Getting Fit for Fun
My 1 ½ year old never walks. Like most toddlers, Katie jumps, hops or runs instead. Though kids are naturally drawn to exercise, this desire can easily be snuffed out. As we age, we often neglect physical activity, and unfortunately our children are copying us. Surgeon General Satcher has announced that obesity has reached epidemic proportions, with over 60% of American adults being overweight, along with over 20% of our children.
One of the best legacies we can give our children is the habit of exercise. Dr. Kenneth Cooper, the "father of aerobics", says in his book Kid Fitness that the easiest way to do this is to exercise with them, so that exercise becomes a time to nurture your relationships. One of our main complaints as parents is that we don’t have enough time to spend with our kids. Exercise provides the perfect opportunity to get fit while you’re all having fun together!
As wonderful as this sounds, few of us follow through. Laziness, though, can’t be the problem. Parents today face so many demands exhaustion is our default state. Instead, I believe our inactivity stems from our attitudes about exercise: it’s hard, it’s time-consuming, and it’s boring.
"But It’s Hard"
My mother-in-law spent her childhood in a rural East Coast town with her thirteen siblings. She recalls eating all the traditionally high fat foods, yet the family’s waistlines didn’t expand because there was simply so much to do to run the household. Few of us today lead such physically demanding lives. A Scottish study found that in the last twenty-five years our energy expenditure has dropped by 800 calories a day.
Not only does our daily life not require exercise; we also choose to spend our spare time watching TV or playing computer games. To make exercise easier, make such sedentary pursuits harder. When we moved to our new house, our once central television set was relegated to the basement. Instead of the TV being the focal point of our home, we created a central, comfortable place where the children were free to jump or wrestle. As a result my toddler cut her viewing time by about 75%, without any effort on our part.
"But It Takes Too Much Time"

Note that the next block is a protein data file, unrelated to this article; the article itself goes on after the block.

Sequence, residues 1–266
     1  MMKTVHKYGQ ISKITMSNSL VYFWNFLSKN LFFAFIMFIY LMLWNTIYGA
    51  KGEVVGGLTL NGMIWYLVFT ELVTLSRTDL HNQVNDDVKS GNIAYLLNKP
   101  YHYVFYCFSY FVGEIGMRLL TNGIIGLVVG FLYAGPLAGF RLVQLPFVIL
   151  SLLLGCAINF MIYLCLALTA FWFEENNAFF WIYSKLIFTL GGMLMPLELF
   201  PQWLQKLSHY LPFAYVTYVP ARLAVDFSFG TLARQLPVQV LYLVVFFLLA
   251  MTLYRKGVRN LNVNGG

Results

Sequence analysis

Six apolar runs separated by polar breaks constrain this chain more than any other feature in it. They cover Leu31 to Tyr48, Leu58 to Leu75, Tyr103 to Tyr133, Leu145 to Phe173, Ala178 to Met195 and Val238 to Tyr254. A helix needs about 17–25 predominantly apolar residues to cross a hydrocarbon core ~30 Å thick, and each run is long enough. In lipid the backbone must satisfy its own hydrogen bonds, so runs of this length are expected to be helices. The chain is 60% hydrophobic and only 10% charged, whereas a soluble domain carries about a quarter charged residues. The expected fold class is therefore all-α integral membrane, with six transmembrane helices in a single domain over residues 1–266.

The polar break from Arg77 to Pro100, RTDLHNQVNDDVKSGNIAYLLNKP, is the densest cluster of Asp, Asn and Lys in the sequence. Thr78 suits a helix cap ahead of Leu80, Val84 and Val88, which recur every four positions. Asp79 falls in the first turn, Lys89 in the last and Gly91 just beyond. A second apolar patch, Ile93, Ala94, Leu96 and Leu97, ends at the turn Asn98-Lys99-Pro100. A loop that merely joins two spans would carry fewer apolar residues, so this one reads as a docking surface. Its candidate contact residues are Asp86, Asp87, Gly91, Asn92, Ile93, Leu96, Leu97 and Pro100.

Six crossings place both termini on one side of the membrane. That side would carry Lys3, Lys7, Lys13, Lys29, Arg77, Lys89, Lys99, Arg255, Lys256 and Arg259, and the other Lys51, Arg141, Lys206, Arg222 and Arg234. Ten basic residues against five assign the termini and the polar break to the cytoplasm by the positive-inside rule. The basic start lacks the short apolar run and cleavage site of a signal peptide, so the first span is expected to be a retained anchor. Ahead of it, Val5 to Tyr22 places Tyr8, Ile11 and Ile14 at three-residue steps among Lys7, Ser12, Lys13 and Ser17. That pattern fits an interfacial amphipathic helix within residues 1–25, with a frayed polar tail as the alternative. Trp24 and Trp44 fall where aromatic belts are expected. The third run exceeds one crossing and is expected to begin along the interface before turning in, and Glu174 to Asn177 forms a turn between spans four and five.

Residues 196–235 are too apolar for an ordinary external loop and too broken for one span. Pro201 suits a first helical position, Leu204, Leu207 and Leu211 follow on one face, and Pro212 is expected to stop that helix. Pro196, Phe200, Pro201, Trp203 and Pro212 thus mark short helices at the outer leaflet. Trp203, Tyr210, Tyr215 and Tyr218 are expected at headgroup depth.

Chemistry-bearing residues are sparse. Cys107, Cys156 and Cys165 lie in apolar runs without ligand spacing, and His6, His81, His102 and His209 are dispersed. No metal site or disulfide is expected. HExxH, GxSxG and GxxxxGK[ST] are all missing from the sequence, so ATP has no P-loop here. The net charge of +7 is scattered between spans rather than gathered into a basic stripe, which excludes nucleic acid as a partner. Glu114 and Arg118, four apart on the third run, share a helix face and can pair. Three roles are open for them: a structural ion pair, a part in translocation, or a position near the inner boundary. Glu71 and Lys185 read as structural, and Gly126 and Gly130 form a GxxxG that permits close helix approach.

The guidelines for exercise used to be an intimidating 30 minute bursts at least three times a week. Few of us can free up these blocks of time, so we don’t even try. However, researcher Steven Blair of the Cooper Institute of Aerobic Research in Dallas says that smaller time units may still provide many health benefits. So how much is enough? Blair says, "Doing something is better than doing nothing at all, and doing more is better still". Even 10 minutes at a time, if you keep at it, can build fitness.
"But It’s Boring"
Our final misconception is that exercise is a chore. But our bodies crave exercise, and reward us by feeling great afterwards. With so many ways to stay active, you don’t have to try something you hate. Find something that’s fun for you, and your children will gravitate to it.
Giving children—and yourself—a harmless way to release energy has one other benefit: it makes household life far more peaceful. You and your children will burn off steam, resulting in less whining and fewer fights. But perhaps best of all, you will have more energy to accomplish the many other things you need to get done.
You’re pumped to move, you have ten free minutes, your children are ready, but what activities should you do that constitute "exercise"?
Here are some ideas. Use them as a jumping board for finding your own family’s fitness style.
Birth to Eighteen Months
- Get on the floor and crawl with your baby. Encourage them to move by placing colorful objects just out of reach.
- Lie on your back with your baby on your legs. Do leg lifts. Older toddlers still love this "airplane" game.
- Wrestle with your baby with lots of tickles and kisses.
- Take swimming lessons.
- Instead of using the stroller, use a backpack or a front carrier to maximize the benefits of walking.
- Dance while holding your baby.
- Chase kids around the yard or basement; play tag, freeze, or hide and seek.
- Dance and jump to tapes, action song videos, or even kid fitness videos.
- Practice throwing, kicking, and catching a ball.
- Have a clean-up race: set the timer for 5 minutes and see how much you can tidy up.
- Act out stories you read. My family likes Maurice Sendak’s Where the Wild Things Are and Eric Carle’s From Head to Toe
- Have tickle fights or play wrestling matches.
- Join play gym groups at the local YMCA or gym. You’ll use gym equipment you wouldn’t normally have and meet other neighborhood families.
- Attach a knotted rope or gymnastics style-rings to a tree or indoor wooden beam for children to practice lifting themselves up.
- Bike on short errands.
- Buy a trampoline.
- Jog to the corner store, and reward your kids with a low-fat treat.
- Have skipping contests.
- Play hopscotch.
- Find a family sport, like skating, skiing, biking, or basketball. Hold sports parties for the neighborhood.
- Take camping holidays, and canoe, hike and swim.
- Play frisbee in the park.
- Go tobogganing